Description

The study addresses two of the main challenges facing combustion modeling for transportation fuels: simultaneous simulation of non-related combustion problems and reducing the computational cost of the modeling process itself. To address the first challenge, researchers determine a characteristic flame time from thermal diffusivity and laminar burning velocity. Researchers examine parametric dependence of flame time and ignition delay time on pressure, temperature and equivalence ratio for methane, based on validated chemical kinetic mechanisms. The study reveals flame time and ignition delay time show similar temperature dependence, flame time has stronger dependence on equivalence ratio and weaker dependence on pressure than ignition delay time. The study also establishes a correlation to predict flame time, and subsequently, burning velocity, based on knowledge of the relevant auto ignition time. Differences between methane, propane and ethanol are also explored.

Researchers address the second challenge in a chemical kinetic modeling study of the high-temperature ignition behavior of Tetrahydrofuran (THF), a promising second-generation transportation biofuel. The study implements a Stochastic Species Elimination (SSE) reduction approach to develop multiple skeletal versions of a detailed chemical kinetic model of THF from the literature based on ignition delay time simulations at various pressures and temperatures. The developed skeletal versions are combined into a global skeletal model. The study uses ignition delay time simulations using detailed and skeletal models, with good agreement observed at higher temperatures. Next, researchers use sensitivity analysis to identify the most important reactions responsible for the performance of the skeletal model. Finally, they perform reaction rate parameter modification for such reactions in order to improve the agreement of detailed and reduced model predictions with literature experimental ignition data.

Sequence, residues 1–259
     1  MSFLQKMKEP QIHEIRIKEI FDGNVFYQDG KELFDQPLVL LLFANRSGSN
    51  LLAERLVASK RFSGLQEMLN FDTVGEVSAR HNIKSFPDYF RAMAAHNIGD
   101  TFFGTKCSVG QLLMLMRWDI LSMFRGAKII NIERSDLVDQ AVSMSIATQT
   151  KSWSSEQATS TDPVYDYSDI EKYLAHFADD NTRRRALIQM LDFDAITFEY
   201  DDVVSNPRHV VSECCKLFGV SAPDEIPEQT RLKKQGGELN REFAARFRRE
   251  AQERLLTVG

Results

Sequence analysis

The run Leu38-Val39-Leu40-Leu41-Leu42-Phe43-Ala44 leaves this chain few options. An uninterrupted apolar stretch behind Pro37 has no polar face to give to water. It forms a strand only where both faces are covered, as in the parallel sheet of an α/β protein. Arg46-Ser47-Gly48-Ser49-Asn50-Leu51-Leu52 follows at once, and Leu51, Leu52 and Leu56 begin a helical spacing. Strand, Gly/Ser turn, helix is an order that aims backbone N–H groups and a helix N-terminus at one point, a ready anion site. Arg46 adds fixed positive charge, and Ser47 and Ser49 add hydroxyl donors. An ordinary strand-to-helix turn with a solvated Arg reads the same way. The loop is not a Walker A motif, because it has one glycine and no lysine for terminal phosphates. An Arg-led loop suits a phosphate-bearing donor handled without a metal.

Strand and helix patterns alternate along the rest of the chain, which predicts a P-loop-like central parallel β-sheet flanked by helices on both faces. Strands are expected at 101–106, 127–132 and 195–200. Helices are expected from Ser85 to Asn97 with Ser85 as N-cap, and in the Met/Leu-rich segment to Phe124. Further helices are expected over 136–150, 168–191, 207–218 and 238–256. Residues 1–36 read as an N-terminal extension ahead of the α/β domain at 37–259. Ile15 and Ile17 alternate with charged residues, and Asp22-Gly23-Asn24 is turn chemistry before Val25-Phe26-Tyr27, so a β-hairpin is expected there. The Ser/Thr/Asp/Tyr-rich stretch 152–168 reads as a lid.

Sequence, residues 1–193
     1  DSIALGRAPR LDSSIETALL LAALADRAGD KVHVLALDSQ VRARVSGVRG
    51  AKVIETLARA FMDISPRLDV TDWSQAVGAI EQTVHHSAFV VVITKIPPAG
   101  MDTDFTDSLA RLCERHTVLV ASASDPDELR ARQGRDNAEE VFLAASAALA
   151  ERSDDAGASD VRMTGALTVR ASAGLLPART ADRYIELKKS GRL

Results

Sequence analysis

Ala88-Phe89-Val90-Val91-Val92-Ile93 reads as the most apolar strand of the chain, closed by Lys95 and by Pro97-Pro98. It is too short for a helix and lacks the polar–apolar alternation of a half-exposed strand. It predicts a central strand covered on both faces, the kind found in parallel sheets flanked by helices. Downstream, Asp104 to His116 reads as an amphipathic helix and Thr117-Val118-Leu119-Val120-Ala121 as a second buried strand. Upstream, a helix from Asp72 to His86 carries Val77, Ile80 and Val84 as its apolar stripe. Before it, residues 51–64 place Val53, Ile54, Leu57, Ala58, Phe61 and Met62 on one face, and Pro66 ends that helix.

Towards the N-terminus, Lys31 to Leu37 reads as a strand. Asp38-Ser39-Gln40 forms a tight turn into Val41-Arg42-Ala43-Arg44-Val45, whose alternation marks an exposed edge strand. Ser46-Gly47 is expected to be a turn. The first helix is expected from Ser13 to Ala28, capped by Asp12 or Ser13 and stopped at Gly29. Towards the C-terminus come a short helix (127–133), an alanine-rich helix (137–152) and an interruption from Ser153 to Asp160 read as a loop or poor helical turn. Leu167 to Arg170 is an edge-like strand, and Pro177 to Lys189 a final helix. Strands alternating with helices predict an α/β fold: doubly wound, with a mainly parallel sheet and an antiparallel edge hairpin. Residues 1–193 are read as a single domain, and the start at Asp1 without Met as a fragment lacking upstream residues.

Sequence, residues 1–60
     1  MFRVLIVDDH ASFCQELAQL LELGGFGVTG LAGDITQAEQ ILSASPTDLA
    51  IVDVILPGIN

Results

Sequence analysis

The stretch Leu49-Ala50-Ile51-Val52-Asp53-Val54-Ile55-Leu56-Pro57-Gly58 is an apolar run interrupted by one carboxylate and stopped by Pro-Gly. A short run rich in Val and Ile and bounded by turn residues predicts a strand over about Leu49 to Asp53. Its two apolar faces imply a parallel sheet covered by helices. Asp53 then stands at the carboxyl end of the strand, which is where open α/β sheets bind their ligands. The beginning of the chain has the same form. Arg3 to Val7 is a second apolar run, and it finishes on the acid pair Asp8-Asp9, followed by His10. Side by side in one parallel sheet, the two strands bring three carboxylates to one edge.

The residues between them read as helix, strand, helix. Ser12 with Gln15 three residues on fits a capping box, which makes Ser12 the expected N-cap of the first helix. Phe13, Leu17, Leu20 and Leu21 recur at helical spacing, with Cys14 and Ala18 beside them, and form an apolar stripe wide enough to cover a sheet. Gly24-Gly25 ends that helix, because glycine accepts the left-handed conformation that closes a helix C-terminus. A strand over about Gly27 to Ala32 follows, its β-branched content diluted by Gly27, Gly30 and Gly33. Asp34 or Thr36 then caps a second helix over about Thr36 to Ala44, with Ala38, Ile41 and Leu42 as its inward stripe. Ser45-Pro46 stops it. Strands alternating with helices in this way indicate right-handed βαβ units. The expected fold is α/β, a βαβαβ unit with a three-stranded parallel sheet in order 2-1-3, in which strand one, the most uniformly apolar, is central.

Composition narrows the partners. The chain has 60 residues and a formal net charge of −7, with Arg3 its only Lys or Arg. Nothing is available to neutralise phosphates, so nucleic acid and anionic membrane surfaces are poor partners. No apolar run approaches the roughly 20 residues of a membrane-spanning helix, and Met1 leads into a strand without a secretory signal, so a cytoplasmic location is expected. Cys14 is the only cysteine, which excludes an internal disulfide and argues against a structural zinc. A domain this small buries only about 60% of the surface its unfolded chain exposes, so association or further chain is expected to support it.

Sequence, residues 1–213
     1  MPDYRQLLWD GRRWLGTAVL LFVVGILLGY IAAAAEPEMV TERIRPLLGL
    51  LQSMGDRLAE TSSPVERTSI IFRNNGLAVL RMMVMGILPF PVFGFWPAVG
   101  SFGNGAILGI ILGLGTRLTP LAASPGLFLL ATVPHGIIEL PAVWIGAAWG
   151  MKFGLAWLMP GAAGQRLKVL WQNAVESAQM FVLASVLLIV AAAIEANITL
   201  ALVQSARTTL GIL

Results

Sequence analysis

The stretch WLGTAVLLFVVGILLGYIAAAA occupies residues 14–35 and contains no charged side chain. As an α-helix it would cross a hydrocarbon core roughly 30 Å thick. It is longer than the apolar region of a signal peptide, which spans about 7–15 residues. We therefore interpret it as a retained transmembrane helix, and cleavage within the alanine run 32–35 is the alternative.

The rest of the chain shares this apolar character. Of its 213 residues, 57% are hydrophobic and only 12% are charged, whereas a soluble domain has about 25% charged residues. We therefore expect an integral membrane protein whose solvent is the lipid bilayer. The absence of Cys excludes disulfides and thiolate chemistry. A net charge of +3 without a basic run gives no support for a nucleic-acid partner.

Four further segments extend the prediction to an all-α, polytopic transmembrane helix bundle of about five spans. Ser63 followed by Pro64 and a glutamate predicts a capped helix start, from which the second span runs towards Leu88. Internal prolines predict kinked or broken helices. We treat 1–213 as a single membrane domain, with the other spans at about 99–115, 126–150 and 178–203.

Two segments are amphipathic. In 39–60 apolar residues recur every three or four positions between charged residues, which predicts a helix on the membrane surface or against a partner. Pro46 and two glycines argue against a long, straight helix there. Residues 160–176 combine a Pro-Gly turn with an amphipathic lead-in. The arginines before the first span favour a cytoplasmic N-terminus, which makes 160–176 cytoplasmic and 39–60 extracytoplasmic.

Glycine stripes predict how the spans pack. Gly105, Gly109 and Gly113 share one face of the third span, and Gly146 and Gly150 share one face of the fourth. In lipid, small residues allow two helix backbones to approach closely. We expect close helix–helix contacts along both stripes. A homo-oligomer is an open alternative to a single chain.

This work contributes toward improved understanding and modeling of the oxidation kinetics of conventional and bio-derived transportation biofuels, as well as the estimation of laminar burning velocity that can be encountered in turbulent combustion simulations. This would ultimately contribute into the design of cleaner and more efficient transportation systems, and support the testing and adoption of novel fuels as additives and/or replacement to conventional non-renewable fossil fuels

Publication Date

6-2020

Publication Type

Report

Topic

Miscellaneous Transportation Topics

Digital Object Identifier

https://doi.org/10.31979/mti.2020.1910

MTI Project

1910

Keywords

fossil fuels, biofuels, fuel comparison

Disciplines

Civil Engineering

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